Boden was considered by Paul Morphy to be the strongest player in England in 1858. However, he is generally considered to have ranked below Staunton and to have been either the second of third strongest player, the other player being Buckle.
Born in Hull on 4th April 1826, Boden first came to the notice of British chess players when he won a provincial tournament in 1851. In 1858 he played two matches against John Owen , winning both, the first by +5 -3 =1 and the second by +5 -1. He played in very few major tournaments and his strength ws judged mainly from friendly games and small tournaments. He was the author of A Popular Introduction to Chess and conducted the chess column in The Field for 13 years.
He died of typhoid fever on 13th January 1882 and is buried in Woking, Surrey.
From The Oxford Companion to Chess by David Hooper & Ken Whyld :
English player active in the 1850s. In 1851 he wrote A Popular Introduction to the Study and Practice of Chess, an excellent guide introducing the Boden-Kieseritzky Gambit which at once became popular. In the same year he won the ‘provincial tournament” run concurrently with the London international tournament. At Manchester 1857, a knock-out event, he came second to Lowenthal— he drew one game of the final match and then withdrew. In 1858 Boden defeated Owen in a match ( + 7=2-3) and he played many friendly games with Morphy, who declared him to be the strongest English player; since Staunton and Buckle had retired this judgement was probably right. Also in 1858 he restarted the chess column in The Field , handing over to de Vere in 1872. The column has continued uninterruptedly ever since. Besides chess and his work as a railway company employee Boden found time to become a competent amateur painter and an art critic.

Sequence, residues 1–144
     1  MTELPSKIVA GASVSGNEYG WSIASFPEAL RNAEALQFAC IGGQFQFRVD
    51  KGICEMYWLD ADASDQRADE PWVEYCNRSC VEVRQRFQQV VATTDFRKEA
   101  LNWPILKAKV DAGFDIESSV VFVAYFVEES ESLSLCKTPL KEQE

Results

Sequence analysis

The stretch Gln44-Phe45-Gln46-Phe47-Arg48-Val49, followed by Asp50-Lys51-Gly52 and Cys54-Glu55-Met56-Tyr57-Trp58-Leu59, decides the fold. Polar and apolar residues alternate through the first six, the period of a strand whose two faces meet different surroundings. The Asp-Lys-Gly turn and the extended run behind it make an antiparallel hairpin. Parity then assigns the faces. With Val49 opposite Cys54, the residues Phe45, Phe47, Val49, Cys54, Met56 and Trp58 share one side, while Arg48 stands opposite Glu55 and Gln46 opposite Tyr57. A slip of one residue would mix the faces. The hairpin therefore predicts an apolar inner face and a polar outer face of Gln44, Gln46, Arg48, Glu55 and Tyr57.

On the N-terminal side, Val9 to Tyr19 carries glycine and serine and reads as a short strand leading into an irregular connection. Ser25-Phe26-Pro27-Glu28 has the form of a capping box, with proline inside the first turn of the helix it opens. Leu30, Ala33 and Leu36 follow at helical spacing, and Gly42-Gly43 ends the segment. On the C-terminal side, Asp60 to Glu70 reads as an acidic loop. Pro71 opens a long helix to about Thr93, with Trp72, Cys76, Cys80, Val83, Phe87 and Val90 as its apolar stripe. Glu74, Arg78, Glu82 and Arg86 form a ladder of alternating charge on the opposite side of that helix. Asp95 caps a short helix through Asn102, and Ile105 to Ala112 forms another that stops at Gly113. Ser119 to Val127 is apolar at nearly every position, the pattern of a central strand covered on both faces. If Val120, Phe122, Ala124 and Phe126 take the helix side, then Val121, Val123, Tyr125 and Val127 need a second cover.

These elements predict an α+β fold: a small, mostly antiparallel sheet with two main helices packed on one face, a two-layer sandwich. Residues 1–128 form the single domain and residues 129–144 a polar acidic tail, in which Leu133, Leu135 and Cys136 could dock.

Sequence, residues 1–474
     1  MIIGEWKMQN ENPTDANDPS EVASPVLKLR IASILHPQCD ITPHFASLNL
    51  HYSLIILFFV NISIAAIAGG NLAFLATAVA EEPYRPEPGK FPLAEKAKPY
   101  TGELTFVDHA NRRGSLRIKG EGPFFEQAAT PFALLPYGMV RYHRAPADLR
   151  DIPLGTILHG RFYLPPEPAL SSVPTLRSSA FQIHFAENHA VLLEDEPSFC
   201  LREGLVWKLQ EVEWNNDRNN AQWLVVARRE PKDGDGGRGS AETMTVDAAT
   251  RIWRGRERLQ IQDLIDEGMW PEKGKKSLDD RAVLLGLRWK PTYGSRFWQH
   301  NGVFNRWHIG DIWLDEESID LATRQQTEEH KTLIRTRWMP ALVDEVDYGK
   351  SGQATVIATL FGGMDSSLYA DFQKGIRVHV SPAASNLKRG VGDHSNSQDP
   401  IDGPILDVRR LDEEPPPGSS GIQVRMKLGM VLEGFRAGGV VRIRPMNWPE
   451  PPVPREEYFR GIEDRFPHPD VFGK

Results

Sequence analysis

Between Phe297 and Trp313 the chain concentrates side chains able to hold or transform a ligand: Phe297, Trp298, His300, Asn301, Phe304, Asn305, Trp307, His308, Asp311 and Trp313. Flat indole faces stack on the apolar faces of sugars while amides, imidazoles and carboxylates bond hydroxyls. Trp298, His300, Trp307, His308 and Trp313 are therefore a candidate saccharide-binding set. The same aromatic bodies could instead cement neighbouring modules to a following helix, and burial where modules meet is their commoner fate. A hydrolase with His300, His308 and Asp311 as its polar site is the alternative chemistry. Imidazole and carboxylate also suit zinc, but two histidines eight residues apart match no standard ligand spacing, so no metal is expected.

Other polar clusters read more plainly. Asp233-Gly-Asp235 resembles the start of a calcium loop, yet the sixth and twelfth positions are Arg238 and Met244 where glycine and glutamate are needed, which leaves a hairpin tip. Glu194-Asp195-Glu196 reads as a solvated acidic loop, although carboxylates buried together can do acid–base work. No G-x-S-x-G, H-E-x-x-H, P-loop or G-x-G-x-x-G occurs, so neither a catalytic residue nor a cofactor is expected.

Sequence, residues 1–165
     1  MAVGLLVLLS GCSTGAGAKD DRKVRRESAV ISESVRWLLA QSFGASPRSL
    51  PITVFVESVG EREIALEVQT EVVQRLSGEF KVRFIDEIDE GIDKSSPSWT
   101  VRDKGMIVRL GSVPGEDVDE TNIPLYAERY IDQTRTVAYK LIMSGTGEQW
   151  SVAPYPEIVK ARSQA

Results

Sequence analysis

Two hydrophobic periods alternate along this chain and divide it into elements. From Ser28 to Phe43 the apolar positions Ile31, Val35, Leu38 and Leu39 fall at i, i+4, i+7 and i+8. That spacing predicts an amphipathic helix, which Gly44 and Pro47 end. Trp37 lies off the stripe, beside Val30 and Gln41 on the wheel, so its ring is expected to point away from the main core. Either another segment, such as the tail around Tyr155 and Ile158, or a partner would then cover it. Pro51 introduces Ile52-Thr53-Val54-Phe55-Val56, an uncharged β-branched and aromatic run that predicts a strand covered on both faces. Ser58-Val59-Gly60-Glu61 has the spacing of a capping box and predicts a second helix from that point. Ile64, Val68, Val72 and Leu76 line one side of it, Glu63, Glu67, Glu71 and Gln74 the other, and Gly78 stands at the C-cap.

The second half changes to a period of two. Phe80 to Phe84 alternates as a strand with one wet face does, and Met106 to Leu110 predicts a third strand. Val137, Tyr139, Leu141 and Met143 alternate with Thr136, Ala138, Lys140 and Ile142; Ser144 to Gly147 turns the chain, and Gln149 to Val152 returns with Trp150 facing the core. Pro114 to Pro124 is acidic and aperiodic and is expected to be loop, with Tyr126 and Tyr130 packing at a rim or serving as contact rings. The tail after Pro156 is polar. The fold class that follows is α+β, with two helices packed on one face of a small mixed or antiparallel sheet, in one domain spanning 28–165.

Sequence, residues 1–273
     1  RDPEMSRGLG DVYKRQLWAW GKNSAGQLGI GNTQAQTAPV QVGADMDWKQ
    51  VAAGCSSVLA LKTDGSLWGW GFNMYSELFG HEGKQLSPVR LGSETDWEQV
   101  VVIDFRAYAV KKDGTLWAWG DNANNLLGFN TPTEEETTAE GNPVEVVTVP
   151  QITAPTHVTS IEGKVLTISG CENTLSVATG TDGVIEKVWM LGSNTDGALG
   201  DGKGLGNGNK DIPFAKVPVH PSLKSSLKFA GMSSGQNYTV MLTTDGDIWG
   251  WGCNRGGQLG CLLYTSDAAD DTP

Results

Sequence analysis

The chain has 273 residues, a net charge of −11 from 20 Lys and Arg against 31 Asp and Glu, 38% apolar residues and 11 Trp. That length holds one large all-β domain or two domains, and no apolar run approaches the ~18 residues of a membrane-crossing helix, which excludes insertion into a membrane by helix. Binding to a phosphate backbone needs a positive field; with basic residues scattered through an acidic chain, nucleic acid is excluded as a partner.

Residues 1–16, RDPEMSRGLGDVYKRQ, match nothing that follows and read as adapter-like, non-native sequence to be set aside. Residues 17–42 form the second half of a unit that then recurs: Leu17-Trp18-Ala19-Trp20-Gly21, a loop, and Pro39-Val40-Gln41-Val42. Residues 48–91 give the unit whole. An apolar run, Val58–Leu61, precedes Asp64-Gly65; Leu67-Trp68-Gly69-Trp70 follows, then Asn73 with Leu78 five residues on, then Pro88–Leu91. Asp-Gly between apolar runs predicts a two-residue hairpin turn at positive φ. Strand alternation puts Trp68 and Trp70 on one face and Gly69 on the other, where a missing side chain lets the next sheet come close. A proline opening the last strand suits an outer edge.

From The Encyclopedia of Chess by Harry Golombek :
British master, considered by Morphy to have been the strongest opponent whom he played while in England (Boden’s record against Morphy in casual games was +1-6=4). Tournament results include 2nd Manchester 1857 and 2nd Bristol 1861. Chess editor of The Field 1858-1873. His name is linked with the Boden-Kieseritsky Gambit : 1.e4 e5 2.Bc4 Nf6 3.Nf3 Nxe4 4. Nc3 Nxc3 5.dxc3 f6 (article authored by Ray Keene).
Most players will be familiar with matting pattern that is Boden’s Mate using two bishops in a cross pattern.
The Club Player’s Modern Guide to Gambits : Nikolai Kalinichenko
Nikolai Kalinichenko is an ICCF (correspondence) grandmaster and renowned theoretician.He has published no less than 50 books on various chess aspects in Russia, Germany, France, Spain, the U.K., USA, China and other countries. His most acclaimed English-language titles include “Vassily Ivanchuk: 100 Selected Games”; “A Positional Opening Repertoire for the Club Player”; “An Aggressive Opening Repertoire for the Club Player”; and “King’s Gambit”
This is an unusual book : the theme is sacrificing a pawn (or more) in the opening for various types of compensation such as initiative, development, control of squares or perhaps simply surprise !
Those with long memories will recall the diminutive Counter Gambits by Tim Harding published by British Chess Magazine in 1974.
This new book could be seen (to some extent) as a successor to the above and details forty eight or so opening pawn sacrifices for both Black and White organised along the following lines :
Open Games – White Gambits
Open Games – Black Gambits
Semi-open Games – White Gambits
Semi-open Games – Black Gambits
Closed Games – White Gambits
Closed Games – Black Gambits
Opening Variations Featuring Material Imbalances
Here is an excerpt from the publisher, Russell Enterprises, Inc. :
This is no ordinary opening book. This practical guide describes only such openings in which White or Black sacrifices material at an early stage of the game. They are called gambits (in Old Italian, gambetto means tripping).
The justification for such sacrifices can differ quite a lot. In most cases, the side that sacrifices material tends to get ahead of the opponent in development and/or opens lines to attack the enemy king. However, there are also gambits aimed at the occupation of the center (Blumenfeld Gambit), depriving the opponent of castling (Cochrane Gambit or Traxler Variation), weakening the opponent’s pawn structure (Anti-Moscow Variation), luring an opponent’s piece to an unfavorable position (sacrificing the b2-pawn), obtaining a certain positional compensation (Volga Gambit), etc.
Gambits are often associated with the romantic chess of the 19th century. Indeed, that was the heyday of such sharp openings as the King’s Gambit or Evans Gambit, but even nowadays, many games begin with one of the well-known or even innovative gambits. This should come as no surprise: gambits help to reveal the true essence of chess, “the triumph of spirit over matter.”